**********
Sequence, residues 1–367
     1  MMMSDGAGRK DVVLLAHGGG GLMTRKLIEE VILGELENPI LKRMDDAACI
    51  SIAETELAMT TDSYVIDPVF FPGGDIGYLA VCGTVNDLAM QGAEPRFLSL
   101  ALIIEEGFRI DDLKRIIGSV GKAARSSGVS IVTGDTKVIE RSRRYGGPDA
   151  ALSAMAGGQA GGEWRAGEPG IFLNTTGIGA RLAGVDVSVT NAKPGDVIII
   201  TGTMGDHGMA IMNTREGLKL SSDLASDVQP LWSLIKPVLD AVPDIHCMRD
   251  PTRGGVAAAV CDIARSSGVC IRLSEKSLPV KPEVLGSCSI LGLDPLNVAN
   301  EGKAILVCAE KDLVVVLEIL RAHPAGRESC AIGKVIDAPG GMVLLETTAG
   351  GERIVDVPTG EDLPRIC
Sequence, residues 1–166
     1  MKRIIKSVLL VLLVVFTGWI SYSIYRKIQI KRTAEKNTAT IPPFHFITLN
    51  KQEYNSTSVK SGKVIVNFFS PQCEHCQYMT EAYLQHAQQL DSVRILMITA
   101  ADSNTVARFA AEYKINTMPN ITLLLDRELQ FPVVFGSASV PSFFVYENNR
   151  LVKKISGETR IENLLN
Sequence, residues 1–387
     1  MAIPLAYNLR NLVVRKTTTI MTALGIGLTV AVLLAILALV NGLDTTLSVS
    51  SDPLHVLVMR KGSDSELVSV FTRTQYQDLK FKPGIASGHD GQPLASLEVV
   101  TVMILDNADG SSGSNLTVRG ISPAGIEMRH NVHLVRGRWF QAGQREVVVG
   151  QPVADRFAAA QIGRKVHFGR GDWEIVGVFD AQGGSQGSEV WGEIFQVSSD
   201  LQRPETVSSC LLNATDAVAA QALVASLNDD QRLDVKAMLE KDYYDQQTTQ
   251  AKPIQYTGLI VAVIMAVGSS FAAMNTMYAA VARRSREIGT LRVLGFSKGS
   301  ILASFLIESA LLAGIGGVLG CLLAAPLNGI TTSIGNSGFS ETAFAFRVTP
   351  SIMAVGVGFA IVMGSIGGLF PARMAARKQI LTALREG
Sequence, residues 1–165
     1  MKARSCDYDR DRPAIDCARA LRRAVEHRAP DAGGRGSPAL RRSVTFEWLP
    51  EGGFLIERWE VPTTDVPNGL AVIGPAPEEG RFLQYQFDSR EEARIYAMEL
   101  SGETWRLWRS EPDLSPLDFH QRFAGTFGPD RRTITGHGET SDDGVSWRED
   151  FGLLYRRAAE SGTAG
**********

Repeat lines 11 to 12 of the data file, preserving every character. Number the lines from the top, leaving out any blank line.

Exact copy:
     1  MKRIIKSVLL VLLVVFTGWI SYSIYRKIQI KRTAEKNTAT IPPFHFITLN
    51  KQEYNSTSVK SGKVIVNFFS PQCEHCQYMT EAYLQHAQQL DSVRILMITA